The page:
of art as well as proportion and basic perspective are studied. One week of drawing exercises is followed by a week spent on a student-developed project that utilizes skills learned the previous week. These projects develop composition skills and critical thinking, and offer opportunities for self-expression. Students will learn to use some basic computer graphics programs as well. Three Dimensional Design I Students are encouraged to take all three trimester electives through the year, but they may elect to take just one trimester course or another; each term is open for students. The trimesters are divided by the materials explored. The Fall Trimester focuses on composition in three dimensions and uses cardboard/paper to build sculptures and architectural models, and then moves on to carving wood blocks. Three Dimensional Design envelops students in the study and creation of artwork that is defined by the elements of form, space and volume. Emphasis is on critical thinking applied to problems with multiple solutions. Master works are viewed and analyzed, a problem and working parameters are assigned, and students then create unique solutions in the form of finished artwork. Assessment is in the form of self, individual and group critique, as well as rubric-guided project grades and, potentially, a quiz and one short paper per term. Painting By emulating masterworks, students are introduced to both direct and indirect painting techniques. Your first project is a faithful copy of an impressionist or post-impressionist work; the second, the creation of a new still-life in the Northern Renaissance medium of oil and tempera; and the third project combines both techniques to produce a painting in the manner of Rembrandt. Elements of art history will precede each unit. Completion of a course in Drawing is a prerequisite for enrollment. Advanced Art Advanced Art has the same goals as Portfolio but occurs during a scheduled block during the day instead of during the after school sports block. It is a unique class in that each student designs his/her own curriculum with the common goal of creating a body of work to be shown to prospective colleges. Elements of art history, criticism and esthetics are explored as a group and through independent work. Grading is weighted so that a longer or more complex assignment will count for a greater percentage of the final grade than a single session artwork. Students create between six and eight studio pieces in a trimester. Woodworking I - Forest to Finish Forest to Finish gives students the opportunity to create artistic and functional pieces from local resources. Students will learn about different species of wood and their use in furniture making and sculpture. Each member of the class will learn to design their work and then create their pieces using hand tools and power tools. The class will be given objective goals and the students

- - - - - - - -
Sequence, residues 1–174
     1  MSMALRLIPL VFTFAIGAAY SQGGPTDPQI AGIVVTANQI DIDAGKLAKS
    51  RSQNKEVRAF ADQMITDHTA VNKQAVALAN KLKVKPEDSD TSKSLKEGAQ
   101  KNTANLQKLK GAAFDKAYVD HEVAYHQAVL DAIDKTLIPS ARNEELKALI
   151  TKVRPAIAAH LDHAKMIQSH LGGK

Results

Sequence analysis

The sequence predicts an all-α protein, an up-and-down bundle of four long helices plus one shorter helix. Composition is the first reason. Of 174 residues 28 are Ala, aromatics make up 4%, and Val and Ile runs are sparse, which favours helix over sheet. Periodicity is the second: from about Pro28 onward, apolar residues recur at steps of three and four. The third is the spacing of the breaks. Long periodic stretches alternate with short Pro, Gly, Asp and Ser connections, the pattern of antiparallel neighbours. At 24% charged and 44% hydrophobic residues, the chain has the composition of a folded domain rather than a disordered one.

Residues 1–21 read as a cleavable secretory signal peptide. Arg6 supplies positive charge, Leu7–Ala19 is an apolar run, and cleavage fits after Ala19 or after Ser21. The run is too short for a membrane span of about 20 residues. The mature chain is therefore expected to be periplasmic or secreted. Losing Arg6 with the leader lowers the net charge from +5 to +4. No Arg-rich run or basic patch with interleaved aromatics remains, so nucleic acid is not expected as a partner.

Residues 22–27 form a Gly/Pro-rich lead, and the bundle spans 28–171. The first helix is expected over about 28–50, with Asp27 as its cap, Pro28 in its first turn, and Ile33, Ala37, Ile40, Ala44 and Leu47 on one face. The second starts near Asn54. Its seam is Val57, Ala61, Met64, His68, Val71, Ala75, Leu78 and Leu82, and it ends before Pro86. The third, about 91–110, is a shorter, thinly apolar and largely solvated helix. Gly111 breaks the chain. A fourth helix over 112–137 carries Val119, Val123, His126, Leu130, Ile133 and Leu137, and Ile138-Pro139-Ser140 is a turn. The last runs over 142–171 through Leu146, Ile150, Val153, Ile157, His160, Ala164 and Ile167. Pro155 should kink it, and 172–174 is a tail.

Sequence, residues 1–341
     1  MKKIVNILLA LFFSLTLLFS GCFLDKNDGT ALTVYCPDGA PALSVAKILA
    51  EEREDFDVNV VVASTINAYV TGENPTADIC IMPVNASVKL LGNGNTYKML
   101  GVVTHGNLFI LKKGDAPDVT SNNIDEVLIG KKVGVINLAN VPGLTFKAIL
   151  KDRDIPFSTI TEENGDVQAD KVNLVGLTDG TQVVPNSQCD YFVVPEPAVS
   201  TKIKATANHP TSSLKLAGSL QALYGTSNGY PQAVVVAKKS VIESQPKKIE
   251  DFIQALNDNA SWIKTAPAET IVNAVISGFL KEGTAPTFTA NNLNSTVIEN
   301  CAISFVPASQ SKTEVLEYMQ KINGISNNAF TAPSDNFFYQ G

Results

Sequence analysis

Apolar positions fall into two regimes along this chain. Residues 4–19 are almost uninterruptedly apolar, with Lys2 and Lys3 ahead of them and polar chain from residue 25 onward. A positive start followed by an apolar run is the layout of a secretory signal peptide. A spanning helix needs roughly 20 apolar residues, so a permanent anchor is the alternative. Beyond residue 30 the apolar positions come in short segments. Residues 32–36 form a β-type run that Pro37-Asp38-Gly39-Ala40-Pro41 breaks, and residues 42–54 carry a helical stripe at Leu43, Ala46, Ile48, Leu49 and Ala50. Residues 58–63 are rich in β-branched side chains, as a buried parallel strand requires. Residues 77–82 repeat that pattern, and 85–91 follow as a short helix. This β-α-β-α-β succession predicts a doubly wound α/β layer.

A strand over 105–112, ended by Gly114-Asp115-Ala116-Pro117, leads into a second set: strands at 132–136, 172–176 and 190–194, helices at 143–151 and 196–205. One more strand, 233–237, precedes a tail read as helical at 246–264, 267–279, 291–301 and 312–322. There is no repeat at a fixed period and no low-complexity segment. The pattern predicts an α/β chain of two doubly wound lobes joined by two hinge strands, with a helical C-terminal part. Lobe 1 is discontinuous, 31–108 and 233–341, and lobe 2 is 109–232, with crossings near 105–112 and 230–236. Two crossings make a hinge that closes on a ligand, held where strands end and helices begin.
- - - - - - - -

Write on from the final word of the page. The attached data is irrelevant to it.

will then be given creative right to design and make their functional pieces using different woods. Throughout the year the course builds on its foundation; new techniques and tools will be used to teach students. Students will learn in depth about different hand tools and power tools and be quizzed on safety procedures before using the shop as a work space. Students will also do research assignments and be given homework on a weekly basis. Woodworking II Prerequisite: Woodworking I.. The second term of this course will focus on Shaker Style Furniture, and the history and progression within this specific style of furniture making. Students will design and build tables from local raw materials and study master works from pioneers like Thomas Moser. Woodworking III Prerequisite: Woodworking I & II - Woodworking III will focus on using the wood lathe and deepening students’ skills on the other tools through more complex design projects. Forest to Finish gives students the opportunity to create artistic and functional pieces from local resources. Students will learn about different species of wood and their use in furniture making and sculpture. Each member of the class will learn to design their work and then create their pieces using hand tools and power tools. The class will be given objective goals and the students will then be given creative right to design and make their functional pieces using different woods. Throughout the year the course builds on its foundation; new techniques and tools will be used to teach students. Students will learn in depth about different hand tools and power tools and be quizzed on safety procedures before using the shop as a work space. Students will also do research assignments and be given homework on a weekly basis. Woodworking: Advanced Design Concepts Prerequisite, one year of woodworking or permission of instructor. Students in this course will expand their knowledge of sketching, drafting by hand, model-making and design, including developing their concepts and creating working drawings as steps toward building unique projects in wood. In this class, students will solidify their ability to manage a furniture-making project from concept to completion, applying technical and design skills they have learned in previous courses and honing their craftsmanship through the use of the various tools in the shop. Theater & Film Acting the Song In this course, we will develop methods for presenting work in the musical theater genre. Topics will range from the fundamentals of acting, to text and score analysis, to character development and performance techniques. While this course is primarily performance-based, we will also gain